#4 — Curb the Chancellor's power

In our history, we have always aimed for a balance of power, with checks and balances between the three branches (even if the branches were different in the past!). But, again, since we're merely human, and there will always be ways of 'gaming' the system, there has always been ways for a branch to rule with close to 'ultimate power' by finding loopholes in the Law, and by managing to leverage personal influence and power to get the RA to approve laws that would give them more power.

The RA was not 'immune' to that, either. Some of you probably remember the general strike and rallys made by the Old Guild (which was the third branch in those days) because of the abusive position of the RA, which refused to pay for the public works and demanded free, voluntary work, without requesting input from the Guild.

Then we had a period of time where the Dean of the SC could, theoretically, refuse any legislation to be passed, by constantly vetoing what they didn't like, based on the (old) constitution which gave the SC the right to veto laws that went against the 'spirit' of the CDS. Because this was too vague — what is the 'spirit' of the CDS, anyway? It's a philosophical question — the SC's powers were much diminished.

Finally, the RA, because it only meets twice a month or so, had naturally a huge difficulty in doing the daily, routine work of managing the community. So the office of the Chancellor was created. From merely an administrative branch, subject to the RA — the Chancellor was appointed by the RA — the Chancellor's office grew to become the Executive Branch, elected by universal suffrage, giving thus the Chancellor exactly the same power (through the citizens' vote) than the RA. And, as a bonus, the Chancellor gets to veto the RA laws as well! Not to mention that the Chancellor is in direct control of land and (most) of the money, as well as all public information systems. Ironically enough, the CDS started without a 'President' or 'Leader' because we feared that, in the future, this position would be subject to abuse; but, over the years, the Chancellor has become exactly what we feared it would become: an office with quasi-unlimited power, able to override pretty much every legislation, able to interpret Covenants, assign land to whomever they wish for whatever price they want, kick people out without recourse or appeal, invite others in and hand them land, and veto all laws passed by the RA that they dislike. So far, the only thing that the Chancellor cannot (yet) do is to prevent elections — but they can certainly influence who gets on the citizens' list or not (by removing land, returning payments, and so forth, so as to influence the census).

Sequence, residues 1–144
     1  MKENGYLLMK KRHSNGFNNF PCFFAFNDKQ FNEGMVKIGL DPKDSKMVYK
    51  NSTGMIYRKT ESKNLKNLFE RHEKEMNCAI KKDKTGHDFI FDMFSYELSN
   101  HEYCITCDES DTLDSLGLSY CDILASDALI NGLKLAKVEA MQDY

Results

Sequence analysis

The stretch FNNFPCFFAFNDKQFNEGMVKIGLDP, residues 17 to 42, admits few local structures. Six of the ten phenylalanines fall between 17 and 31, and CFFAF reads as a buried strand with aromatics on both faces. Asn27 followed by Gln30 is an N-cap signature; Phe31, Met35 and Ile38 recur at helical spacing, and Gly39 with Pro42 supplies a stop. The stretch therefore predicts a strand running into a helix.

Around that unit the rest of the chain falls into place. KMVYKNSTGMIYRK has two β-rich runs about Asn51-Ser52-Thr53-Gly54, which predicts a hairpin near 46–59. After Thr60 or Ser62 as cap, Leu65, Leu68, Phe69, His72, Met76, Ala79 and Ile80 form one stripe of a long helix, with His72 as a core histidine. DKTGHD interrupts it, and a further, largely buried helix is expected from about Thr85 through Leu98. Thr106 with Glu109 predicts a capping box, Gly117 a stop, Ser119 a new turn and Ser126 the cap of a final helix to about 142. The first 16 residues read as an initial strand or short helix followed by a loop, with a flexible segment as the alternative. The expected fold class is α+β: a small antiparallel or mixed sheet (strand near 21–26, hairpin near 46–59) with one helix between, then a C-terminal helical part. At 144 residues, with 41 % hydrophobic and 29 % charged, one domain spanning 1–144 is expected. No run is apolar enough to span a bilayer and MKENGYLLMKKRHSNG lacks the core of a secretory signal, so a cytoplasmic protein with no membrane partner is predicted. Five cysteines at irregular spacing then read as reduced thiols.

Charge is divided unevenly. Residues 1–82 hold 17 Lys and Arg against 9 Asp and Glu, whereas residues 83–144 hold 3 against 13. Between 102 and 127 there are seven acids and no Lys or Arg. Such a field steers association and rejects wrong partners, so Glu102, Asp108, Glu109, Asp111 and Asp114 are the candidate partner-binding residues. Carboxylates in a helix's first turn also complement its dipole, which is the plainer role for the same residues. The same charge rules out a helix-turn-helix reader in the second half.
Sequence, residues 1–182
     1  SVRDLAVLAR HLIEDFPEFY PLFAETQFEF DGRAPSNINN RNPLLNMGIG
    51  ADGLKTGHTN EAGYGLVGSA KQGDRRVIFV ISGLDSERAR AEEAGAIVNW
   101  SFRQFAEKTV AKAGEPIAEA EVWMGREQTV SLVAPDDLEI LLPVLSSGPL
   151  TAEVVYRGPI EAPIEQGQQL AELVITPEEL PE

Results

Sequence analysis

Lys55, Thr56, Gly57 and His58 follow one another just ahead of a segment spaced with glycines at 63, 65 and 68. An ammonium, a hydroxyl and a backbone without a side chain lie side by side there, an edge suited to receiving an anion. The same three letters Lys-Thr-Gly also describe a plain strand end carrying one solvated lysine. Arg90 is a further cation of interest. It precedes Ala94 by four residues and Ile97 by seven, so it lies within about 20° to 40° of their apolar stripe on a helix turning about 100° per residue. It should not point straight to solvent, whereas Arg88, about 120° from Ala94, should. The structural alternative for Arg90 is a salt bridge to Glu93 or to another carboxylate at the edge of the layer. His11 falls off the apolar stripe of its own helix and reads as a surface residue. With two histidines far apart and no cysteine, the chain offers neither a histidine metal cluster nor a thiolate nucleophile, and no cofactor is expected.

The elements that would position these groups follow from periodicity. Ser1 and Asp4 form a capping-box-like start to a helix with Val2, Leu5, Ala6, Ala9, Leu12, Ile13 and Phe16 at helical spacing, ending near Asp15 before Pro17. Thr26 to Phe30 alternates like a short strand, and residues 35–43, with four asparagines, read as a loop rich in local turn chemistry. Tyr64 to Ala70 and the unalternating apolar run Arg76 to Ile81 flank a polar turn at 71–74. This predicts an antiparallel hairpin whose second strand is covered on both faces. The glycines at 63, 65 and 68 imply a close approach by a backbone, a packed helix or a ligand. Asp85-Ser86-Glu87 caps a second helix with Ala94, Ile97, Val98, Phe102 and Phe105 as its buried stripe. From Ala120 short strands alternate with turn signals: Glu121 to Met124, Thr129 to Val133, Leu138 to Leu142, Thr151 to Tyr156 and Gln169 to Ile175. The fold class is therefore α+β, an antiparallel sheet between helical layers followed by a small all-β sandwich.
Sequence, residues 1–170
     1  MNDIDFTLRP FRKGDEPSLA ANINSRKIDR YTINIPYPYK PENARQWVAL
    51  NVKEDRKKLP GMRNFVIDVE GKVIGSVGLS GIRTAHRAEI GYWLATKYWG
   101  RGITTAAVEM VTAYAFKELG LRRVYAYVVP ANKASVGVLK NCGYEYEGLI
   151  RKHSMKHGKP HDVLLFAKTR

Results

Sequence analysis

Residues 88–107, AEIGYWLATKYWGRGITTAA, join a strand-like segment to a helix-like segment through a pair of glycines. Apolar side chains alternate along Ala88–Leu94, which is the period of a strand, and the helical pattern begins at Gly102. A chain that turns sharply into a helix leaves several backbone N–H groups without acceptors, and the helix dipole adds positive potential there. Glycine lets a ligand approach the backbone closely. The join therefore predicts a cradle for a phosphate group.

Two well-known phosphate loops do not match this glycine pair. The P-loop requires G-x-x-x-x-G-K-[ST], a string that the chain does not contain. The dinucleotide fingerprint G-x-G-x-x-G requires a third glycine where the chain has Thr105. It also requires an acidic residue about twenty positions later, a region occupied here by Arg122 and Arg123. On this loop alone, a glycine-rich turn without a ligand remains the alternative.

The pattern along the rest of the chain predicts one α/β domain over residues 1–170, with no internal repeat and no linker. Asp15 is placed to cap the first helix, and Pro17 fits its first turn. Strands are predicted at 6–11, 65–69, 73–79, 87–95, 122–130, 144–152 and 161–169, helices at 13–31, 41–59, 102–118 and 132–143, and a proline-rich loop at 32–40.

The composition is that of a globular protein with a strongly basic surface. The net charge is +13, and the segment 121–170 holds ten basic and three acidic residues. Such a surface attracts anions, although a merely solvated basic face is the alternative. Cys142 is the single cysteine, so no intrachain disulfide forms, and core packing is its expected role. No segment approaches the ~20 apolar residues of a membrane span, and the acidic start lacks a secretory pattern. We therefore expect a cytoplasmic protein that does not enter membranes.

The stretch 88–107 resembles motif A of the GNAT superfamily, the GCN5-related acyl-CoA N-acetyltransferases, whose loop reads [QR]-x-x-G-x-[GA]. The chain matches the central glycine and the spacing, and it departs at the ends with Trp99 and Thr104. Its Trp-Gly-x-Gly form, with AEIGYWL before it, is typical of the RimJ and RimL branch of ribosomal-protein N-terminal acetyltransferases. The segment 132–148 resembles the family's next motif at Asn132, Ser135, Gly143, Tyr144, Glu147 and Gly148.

Clearly this has gone too far.

I propose that the Chancellor still remains as an Executive Branch with the powers it has in spirit, but is further controlled and curbed by the RA — no more vetoing laws! Specifically, in everything land-related — because land is the foundation of our democracy! — all powers are in the hands of the RA: the Chancellor only has executive powers over land attribution, Covenant enforcement, and so forth, but no 'decision' ability. This has to be much clarified in the legislation — and enforced by the RA.

I also wish to have the Chancellor regularly addressing the RA and being questioned, as we did before. Jamie will hate me for this, but the RA has already impeached a Chancellor in the past for failing to uphold its rights and duties. Nowadays, this would be unthinkable — once elected, the Chancellor believes that they have absolute power and immunity from the RA and SC. This is not the case, but very likely the legislation has to be made much more clearer.

---

So these are the main points that ought to keep me busy for a whole term, if you elect me :)

There are minor points, too. I don't consider 'the Locus Amoenus mess' a 'minor' point, but I think it's closely tied to the above problems: the RA has not made the re-development process more thoroughly transparent, and somehow it was given the idea that the Chancellor has all the power to change everything without consulting the citizens, locking land, ignoring eminent domain laws (yes, we have those too!), and putting everything on hold for a year. Well, I'm aware that it's very hard to do any major redevelopment in the CDS in less than a year — democracy means that everything takes a lot of time in discussion! — but I also know that we can do better (that's why I posted some links for some old sites of the CDS, which show how the initial Locus Amoenus planning was done). I am as yet undecided if we should do one of the following: